• Astonishingly Appropriate Interruption:
    • Although not using interruptions per se, the "Mastermind" sketch is perhaps the ultimate in cleverly using this trope.
    • "Crossed Lines" is a more literal version of the gag, with two people at payphones, whose halves of their conversations are "unintentionally" funny together.
  • Author Appeal: It's clear from the scripts Ronnie Barker wrote that he was fond of the female behind, hence the profusion of panty shots and ladies in tight shorts.
  • Barbershop Quartets Are Funny: One of their musical finales (written by Barker) is a barbershop quartet set in a barber's shop, with the four barbers / musicians inflicting slapstick gags on their customers.
  • Bedsheet Ghost: One turns up in the Piggy/Charley serial "Stop! You're Killing Me!", haunting the graveyard at dead of night. Charley's response is to build a device to blow the bedsheet off it from below. The first person to trigger it is a young woman in a short skirt, the second is the local vicar, and the third is their landlord in a nightshirt.
  • Bested by the Inexperienced: In one sketch Ronnie Corbett's character, a squash champion, is incensed that Ronnie Barker's character, a newbie so clueless he can't even get the name of the game right, has effortlessly beaten him.
  • Big Guy, Little Guy: Ronnie B. was much taller than Ronnie C. Notably, Ronnie B. was of average height while Ronnie C. was incredibly short. (Officially, 4 feet 11 and 3/4 inches.)
  • Bizarre Taste in Food: The "Ice Cream Parlour" sketch. A customer (Ronnie C.) drives the shopkeeper (Ronnie B.) to distraction by asking for ice cream flavors that are more typical of crisps ("potato chips" in the US) — cheese and onion, smoky bacon, salt and vinegar, and so on. He turns it around at the end by asking for a packet of raspberry ripple crisps, earning himself a Frying Pan of Doom upside the head.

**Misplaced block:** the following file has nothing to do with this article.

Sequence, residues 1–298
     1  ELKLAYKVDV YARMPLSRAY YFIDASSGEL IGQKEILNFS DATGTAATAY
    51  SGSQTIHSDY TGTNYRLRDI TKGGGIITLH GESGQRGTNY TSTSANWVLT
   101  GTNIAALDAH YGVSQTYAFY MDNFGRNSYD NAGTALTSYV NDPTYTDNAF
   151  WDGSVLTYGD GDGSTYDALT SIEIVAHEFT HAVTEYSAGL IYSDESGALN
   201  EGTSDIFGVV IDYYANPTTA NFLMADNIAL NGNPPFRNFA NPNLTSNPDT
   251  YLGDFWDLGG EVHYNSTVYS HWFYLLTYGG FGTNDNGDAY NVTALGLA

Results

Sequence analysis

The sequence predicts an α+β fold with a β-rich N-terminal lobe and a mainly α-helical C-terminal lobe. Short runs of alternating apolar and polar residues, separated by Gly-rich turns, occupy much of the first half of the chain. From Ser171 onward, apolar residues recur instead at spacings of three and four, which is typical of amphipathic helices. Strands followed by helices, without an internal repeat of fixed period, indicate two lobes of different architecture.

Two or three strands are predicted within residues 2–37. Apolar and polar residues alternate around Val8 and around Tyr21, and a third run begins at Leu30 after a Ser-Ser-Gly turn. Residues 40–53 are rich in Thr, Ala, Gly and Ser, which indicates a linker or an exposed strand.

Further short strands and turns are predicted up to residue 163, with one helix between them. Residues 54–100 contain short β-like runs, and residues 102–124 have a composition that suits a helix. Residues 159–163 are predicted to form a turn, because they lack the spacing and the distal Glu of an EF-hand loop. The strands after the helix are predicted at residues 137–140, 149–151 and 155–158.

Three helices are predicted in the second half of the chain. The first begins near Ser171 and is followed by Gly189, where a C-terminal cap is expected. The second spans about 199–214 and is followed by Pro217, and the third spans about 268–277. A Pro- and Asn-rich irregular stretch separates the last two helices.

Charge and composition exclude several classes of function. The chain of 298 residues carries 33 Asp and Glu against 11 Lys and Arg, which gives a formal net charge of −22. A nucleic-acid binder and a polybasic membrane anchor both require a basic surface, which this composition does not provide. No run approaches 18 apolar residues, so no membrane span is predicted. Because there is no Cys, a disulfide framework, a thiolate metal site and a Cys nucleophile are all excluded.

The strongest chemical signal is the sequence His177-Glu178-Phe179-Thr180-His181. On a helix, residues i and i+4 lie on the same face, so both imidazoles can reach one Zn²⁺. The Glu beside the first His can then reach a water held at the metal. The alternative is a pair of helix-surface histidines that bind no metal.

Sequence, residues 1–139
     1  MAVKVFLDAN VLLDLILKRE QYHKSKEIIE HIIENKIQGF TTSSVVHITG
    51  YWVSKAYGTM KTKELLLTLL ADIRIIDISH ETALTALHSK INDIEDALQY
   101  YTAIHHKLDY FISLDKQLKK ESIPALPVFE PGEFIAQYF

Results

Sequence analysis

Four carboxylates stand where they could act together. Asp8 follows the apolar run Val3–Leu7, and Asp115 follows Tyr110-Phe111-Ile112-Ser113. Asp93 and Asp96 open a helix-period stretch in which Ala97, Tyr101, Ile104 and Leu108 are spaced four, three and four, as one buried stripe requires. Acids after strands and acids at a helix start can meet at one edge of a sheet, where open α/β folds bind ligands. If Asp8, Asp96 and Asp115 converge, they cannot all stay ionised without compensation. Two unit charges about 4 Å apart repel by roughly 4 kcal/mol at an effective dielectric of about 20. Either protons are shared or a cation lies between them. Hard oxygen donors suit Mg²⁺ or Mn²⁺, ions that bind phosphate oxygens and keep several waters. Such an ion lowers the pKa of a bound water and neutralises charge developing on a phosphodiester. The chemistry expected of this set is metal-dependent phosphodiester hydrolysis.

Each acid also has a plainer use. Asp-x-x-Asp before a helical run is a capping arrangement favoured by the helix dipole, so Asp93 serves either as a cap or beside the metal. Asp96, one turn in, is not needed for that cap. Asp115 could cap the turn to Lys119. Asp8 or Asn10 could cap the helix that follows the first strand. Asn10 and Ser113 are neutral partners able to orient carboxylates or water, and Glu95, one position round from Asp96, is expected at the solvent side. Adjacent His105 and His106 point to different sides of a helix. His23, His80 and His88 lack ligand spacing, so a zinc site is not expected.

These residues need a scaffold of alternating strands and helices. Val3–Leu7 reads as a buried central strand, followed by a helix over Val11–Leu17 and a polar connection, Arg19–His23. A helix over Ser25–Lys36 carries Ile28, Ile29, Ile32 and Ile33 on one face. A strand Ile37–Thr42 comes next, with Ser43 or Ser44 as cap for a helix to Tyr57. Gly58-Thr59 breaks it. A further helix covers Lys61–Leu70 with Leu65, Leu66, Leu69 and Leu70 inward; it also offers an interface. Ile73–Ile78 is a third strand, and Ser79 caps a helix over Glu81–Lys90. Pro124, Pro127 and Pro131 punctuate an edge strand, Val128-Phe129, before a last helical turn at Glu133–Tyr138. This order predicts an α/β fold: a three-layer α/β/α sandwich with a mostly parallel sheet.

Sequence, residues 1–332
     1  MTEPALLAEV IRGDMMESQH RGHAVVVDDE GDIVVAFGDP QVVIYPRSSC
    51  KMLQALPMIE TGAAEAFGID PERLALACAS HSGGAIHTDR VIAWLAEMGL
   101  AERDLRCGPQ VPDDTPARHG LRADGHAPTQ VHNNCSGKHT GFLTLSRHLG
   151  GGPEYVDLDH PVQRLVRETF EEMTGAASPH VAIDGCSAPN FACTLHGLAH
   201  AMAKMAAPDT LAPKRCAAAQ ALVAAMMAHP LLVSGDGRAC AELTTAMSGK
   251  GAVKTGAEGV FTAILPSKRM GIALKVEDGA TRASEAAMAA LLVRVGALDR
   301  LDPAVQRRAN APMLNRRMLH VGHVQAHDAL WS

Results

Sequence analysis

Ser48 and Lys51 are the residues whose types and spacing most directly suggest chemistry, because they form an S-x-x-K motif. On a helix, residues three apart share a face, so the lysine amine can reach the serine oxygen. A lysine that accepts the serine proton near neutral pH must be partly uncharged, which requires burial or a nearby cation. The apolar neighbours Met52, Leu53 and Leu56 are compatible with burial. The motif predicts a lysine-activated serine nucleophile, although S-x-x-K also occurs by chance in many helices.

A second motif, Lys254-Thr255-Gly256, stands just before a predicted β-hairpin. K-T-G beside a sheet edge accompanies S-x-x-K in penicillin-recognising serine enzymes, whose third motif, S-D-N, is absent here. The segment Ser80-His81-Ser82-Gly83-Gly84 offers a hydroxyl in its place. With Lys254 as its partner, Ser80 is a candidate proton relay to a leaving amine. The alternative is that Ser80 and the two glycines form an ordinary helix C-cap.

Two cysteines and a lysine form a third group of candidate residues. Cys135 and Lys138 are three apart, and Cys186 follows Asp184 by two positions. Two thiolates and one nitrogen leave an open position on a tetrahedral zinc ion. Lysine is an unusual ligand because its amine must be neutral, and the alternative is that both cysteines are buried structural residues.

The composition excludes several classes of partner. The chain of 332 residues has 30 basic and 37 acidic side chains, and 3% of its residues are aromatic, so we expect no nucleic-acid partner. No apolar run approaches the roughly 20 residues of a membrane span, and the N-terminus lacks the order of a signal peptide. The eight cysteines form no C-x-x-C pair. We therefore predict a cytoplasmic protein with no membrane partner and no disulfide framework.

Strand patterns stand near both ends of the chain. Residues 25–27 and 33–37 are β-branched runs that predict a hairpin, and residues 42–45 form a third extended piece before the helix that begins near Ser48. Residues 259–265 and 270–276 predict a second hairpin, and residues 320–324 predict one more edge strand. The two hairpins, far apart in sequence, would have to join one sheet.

• Cannot Tell a Joke: The basis of Ronnie Corbett's "chair" act was that of a man attempting to tell a straightforward joke but getting caught up in digressions; the twist being that these were funnier than the actual joke.
  • Can't You Read the Sign?: One sketch includes a sign saying "Do Not Throw Stones at This Notice".
  • Catchphrase:
    Corbett: So it's "Goodnight" from me.
    Barker: And it's "Goodnight" from him.
    Both: Goodnight.
  • Crosscast Role: The duo would frequently play female characters. Subverted in their parody of Jason King, where Ronnie Barker appears to be playing a Butch Lesbian, but the character is later revealed as a man Disguised in Drag.
  • Dinner Order Flub:
    • Levelled up as the basis for the "Mongolian Restaurant" sketch. Typical comment / response: Ronnie C.: "That's disgusting", Ronnie B. holding up two hands: "That's a lot of gusting".
    • In "Band of Slaves" Piggy and Charley are given a card, with instructions to show it at a Chinese restaurant. The staff interpret it as a food order, and return with a trolley laden with dishes.